Stationers Place, Apsley, Hemel Hempstead
There has been a paper mill at the neighbouring village of Apsley since 1774, when Frogmore Mill was converted to making handmade paper. This and Two Waters Mill were at one time owned by Henry and Sealy Fourdrinier, stationers of Huguenot descent. Apsley and Nash Mills, amongst others, were later owned by John Dickinson, who installed his Cylinder Mould Machine, an alternative continuous mechanised papermaking process 1809, hard on the heels of the first mechanised paper machine, the Fourdrinier, a conveyor process machine at Frogmore in 1803. The success of the paper business grew over the years to provide employment for many thousands of people in the area.
For most of the 19th century, the Frogmore was owned by the Grand Junction Canal Company, and the business expanded with the chemical production of paper from wood pulp to supply the newspaper industry. In 1890, the mill was taken over by the British Paper Company.
Meanwhile at Apsley Mill, John Dickinson had recognised the profitability of making stationery items, which we still know today, products such as Basildon Bond, Three Candlesticks, Lion Brand and Challenge Notebooks.
Several people buried at Rectory Lane Cemetery had connections with the mills at Apsley. Of particular importance was William Longman, head of the Longman publishing family firm, who lived at Ashlyns Hall. There had been long-standing relations between the Longman and Dickinson families. In 1809 William’s uncle, George Longman, became a partner in John Dickinson’s paper business. John Dickinson was a great inventor-pioneer-entrepreneur but he needed the contacts and financial backing of the Longman family to make a commercial success of his design of a cylinder mould for one of the world’s first paper machines. When George died in 1822 he bequeathed his share in the partnership to his nephew, Charles Longman, who was brother to William (and who in 1856 built and lived in Shendish Manor).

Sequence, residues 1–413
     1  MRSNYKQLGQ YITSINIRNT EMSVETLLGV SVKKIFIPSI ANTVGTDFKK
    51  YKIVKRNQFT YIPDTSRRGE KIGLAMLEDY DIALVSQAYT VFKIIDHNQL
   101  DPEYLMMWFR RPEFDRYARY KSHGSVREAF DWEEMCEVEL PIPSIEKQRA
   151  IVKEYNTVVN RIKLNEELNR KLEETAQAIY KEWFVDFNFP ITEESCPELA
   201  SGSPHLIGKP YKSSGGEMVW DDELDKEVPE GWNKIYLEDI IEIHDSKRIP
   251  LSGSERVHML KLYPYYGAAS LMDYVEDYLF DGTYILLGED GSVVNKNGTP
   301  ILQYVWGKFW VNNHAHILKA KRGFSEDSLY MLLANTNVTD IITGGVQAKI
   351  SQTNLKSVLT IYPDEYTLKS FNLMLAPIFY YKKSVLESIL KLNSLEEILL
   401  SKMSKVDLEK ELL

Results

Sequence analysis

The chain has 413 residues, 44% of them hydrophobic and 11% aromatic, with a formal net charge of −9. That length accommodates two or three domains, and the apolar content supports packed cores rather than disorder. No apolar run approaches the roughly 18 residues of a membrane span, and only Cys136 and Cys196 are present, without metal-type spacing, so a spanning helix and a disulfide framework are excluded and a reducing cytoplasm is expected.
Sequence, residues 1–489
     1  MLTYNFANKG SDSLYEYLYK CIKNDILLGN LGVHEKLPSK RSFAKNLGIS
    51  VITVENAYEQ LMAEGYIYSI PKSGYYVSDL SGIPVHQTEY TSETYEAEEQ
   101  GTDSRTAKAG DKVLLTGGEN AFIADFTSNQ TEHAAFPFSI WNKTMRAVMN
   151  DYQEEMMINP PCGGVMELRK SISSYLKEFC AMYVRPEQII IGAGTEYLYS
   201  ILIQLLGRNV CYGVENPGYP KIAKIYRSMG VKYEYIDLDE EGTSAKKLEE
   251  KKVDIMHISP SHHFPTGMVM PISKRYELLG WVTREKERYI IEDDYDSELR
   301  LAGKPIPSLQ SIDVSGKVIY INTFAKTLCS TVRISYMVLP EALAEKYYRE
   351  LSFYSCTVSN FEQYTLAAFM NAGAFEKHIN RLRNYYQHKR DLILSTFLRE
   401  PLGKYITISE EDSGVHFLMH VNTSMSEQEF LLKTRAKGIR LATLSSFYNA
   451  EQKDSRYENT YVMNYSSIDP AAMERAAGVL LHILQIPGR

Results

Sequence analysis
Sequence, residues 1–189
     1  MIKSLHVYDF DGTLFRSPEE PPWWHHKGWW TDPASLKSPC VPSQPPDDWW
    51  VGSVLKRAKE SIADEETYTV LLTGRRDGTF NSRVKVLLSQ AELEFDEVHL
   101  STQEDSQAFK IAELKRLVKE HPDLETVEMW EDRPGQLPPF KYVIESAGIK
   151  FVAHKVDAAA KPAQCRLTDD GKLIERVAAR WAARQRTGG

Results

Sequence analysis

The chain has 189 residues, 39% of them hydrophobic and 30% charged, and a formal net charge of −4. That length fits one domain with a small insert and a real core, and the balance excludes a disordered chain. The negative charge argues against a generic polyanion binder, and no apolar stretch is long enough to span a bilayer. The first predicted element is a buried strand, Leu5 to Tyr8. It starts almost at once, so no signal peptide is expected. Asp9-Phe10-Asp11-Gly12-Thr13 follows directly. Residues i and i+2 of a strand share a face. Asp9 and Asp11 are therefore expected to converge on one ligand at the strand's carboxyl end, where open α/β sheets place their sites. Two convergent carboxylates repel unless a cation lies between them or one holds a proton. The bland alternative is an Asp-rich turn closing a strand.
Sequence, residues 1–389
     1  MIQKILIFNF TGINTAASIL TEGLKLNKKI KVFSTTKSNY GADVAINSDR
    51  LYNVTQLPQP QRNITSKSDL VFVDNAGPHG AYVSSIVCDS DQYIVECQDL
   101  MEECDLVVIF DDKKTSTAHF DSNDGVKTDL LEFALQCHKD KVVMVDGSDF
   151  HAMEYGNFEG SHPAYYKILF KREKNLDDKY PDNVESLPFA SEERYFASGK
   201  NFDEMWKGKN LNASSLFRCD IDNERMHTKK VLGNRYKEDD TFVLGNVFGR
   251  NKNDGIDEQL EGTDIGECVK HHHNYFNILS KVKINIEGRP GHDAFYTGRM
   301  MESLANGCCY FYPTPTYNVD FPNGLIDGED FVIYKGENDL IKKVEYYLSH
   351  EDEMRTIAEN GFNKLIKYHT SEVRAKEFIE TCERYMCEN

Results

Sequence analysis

In addition to professional connections, there were several Longman-Dickinson marriages. In 1843 William Longman married Emma Pratt Barlow, who was the sister of the son-in-law of John Dickinson. William and Emma had nine children: three boys and six girls. One of William and Emma’s sons, Charles James, married Harriet Evans, one of John Dickinson’s granddaughters, and William’s nephew, Thomas Norton Longman V married another of Dickinson’s granddaughters, Florence Ann Pratt Barlow.
The ownership connection ended in 1886 when the paper company went public but the family connections continued and so did trade: the Dickinson mills remained a major supplier to Longman’s until 1980 when their Croxley Mill closed.
Other burials at Rectory Lane Cemetery are linked with the mills at Apsley.
- Charles and Ada Coughtrey, buried in Rectory Lane Cemetery, were the parents of Alfred Coughtrey (1903-1996), a chairman of John Dickinson’s who started at the company aged 14 at as a sweeper.
- Harry Ernest Meadows (d.1943) worked as a stereotyper at John Dickinson’s.
Research: Sue Woolnough & Mike Stanyon
Discover the memorials in Rectory Lane Cemetery with historical links to Apsley's Mills
5 burials are found — click on a burial below to find out more: